“The finance industry in the UK has the largest median gender pay gap” Anny Lian, Partner, Fatgreen Consulting

With an international career in corporate finance in the US, Hong Kong and mainland China, Anny Lian knows how to be successful in a man’s world. Now living in the UK, she runs her own business advising entrepreneurs, with a particular focus on female entrepreneurs from all walks of life and hopes to ensure more directors recognise the benefits of a varied work force through her role as an IoD Inclusion and Diversity Ambassador.

I grew up in mainland China and my mother was my first role model. She wanted me to have financial independence so I was discouraged from dating or marrying until I could stand on my own two feet financially. Encouraged by her, I studied business at university in China and then moved to California to take an MBA.

Multiple babysitting and waitressing jobs helped me cover the tuition fees and I was lucky enough to land a job with Bechtel in San Francisco when I graduated. This was the 1990s and I remember walking into a conference room full of white men in crisp white shirts. I was a woman, I was Chinese and I hadn’t been to Ivy League schools like all of them, it was quite an eye opening experience and I felt second place and isolated. At the time my first boss, who happened to be a female, showed me how to stand my ground when challenged by men in the office.

I transferred to Hong Kong with Bechtel and then joined JP Morgan. For the first three months with JP Morgan, I didn’t leave the office until the early hours of the morning and kept slippers under my desk for my ‘all nighters”. Every day it felt like you were running from one crisis to another, but somehow I liked it.

Investment banking was, and still is, a male dominated environment and I quickly learned to toughen up. There was once a client who threw his shoes across the table at me. There was another time when I was on a business trip with my male boss who was younger than me. I was wearing heels, and struggling to carry a bag, laptop and a pile of meeting materials running down the airport to catch our flight. He didn’t offer to help nor did he even look back at me while striding ahead. I remember thinking to myself ‘I will never let anyone carry my bags from now on’. One of my female bosses told me “Never cry in front of any one in the office”. I continued my career at JP Morgan and UBS then worked my way up on to senior roles including Managing Director at both Standard Chartered Bank and ICBC International. In between, I took a career break working in Tokyo as a CFO for a start-up company where some of our Japanese male clients would even expect me to serve coffee for them during meetings.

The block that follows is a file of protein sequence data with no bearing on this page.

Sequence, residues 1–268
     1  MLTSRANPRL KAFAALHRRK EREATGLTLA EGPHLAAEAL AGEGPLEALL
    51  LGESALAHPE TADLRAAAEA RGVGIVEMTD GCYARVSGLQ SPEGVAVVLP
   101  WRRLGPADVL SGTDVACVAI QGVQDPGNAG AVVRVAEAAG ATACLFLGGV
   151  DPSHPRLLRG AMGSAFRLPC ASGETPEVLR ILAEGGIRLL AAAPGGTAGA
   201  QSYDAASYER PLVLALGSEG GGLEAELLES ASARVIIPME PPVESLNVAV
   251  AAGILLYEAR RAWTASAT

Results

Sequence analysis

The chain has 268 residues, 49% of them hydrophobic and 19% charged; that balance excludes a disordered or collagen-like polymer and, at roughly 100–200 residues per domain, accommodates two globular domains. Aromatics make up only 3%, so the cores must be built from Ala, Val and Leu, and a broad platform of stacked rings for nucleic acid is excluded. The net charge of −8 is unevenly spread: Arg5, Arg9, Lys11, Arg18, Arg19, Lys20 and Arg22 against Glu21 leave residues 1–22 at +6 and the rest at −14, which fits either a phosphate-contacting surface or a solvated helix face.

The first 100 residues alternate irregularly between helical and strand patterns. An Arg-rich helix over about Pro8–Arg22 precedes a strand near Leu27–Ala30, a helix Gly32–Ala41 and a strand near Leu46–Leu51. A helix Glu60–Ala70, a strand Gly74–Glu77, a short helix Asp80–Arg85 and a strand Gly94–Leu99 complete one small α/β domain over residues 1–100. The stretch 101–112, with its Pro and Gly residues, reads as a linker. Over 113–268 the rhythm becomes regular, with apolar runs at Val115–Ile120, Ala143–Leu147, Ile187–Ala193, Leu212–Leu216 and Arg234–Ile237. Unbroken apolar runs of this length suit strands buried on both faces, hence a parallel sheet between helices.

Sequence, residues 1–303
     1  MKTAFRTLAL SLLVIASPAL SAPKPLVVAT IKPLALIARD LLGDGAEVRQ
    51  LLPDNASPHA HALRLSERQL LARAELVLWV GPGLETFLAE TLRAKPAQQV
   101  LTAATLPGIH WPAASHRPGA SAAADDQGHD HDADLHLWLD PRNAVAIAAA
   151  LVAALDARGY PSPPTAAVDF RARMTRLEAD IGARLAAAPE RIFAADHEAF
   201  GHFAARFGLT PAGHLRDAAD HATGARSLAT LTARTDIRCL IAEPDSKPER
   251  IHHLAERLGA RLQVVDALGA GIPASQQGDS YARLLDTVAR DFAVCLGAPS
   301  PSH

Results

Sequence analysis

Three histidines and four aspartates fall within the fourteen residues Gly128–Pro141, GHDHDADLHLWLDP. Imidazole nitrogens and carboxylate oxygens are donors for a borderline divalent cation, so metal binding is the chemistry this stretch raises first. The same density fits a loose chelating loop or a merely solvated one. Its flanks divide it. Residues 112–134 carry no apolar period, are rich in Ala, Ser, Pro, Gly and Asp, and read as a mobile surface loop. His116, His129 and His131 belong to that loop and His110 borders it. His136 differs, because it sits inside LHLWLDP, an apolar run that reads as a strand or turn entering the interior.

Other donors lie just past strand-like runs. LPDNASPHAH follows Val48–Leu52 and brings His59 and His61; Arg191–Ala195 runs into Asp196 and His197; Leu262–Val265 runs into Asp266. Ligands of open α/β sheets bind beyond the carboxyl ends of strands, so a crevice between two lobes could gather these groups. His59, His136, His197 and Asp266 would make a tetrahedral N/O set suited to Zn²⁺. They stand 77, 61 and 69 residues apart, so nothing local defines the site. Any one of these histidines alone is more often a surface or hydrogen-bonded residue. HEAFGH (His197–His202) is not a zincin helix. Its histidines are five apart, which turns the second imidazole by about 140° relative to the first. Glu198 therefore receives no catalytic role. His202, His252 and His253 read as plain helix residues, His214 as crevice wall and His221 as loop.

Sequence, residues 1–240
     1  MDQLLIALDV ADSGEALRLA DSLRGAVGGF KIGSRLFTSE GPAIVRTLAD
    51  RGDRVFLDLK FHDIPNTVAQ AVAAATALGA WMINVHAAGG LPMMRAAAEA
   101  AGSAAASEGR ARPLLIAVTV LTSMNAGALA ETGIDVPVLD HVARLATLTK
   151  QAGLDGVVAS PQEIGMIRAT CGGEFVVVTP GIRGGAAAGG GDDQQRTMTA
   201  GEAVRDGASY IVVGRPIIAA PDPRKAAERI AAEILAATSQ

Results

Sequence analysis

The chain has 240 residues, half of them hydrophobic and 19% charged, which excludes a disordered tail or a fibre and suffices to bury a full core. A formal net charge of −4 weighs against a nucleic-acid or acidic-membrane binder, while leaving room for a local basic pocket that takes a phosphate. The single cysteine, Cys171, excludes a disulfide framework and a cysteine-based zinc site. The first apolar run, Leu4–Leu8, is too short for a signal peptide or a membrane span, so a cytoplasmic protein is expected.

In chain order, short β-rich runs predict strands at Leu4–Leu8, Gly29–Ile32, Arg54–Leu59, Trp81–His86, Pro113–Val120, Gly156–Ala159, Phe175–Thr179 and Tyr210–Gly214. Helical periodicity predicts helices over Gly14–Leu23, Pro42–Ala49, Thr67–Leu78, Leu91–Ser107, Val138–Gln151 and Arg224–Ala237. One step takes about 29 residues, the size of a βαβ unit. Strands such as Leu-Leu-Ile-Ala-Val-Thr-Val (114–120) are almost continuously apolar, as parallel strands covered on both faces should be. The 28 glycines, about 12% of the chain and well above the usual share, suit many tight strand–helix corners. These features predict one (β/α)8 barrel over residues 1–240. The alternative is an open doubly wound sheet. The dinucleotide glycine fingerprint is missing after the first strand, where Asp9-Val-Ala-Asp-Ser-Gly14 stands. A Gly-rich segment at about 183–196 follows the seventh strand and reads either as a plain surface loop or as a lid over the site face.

Although there are more women in banking now – it is about 50/50 at the entry level – female representation drops off massively as you go further up the pyramid. Unfortunately, the finance industry in the UK has the largest median gender pay gap. On average in the UK for every £1 a man gets paid, their female counterpart gets 88p, but in the finance industry it’s just 75p.

I left Hong Kong, and the world of corporate finance a few years ago and came to the UK with my husband, who is a Geordie, and our teenage children. I joined the IoD to make connections and, hopefully influence change. In my role as IoD Inclusion and Diversity Ambassador for York, I would like to encourage company directors to implement change through corporate governance measures and by leading example. Policy is important, but it is also the little things that count towards shifting corporate culture. Leaders have to remain conscious and intentional about what they say and do on daily basis. That is how a culture can be transformed, by starting with baby steps.

In my own business, I am using my experience to advise female entrepreneurs about wealth  planning and insurance solutions. Too often women make a huge contribution to the family but organise no financial security for themselves. Perhaps my mother’s advice about being financially independent is still influencing my career.

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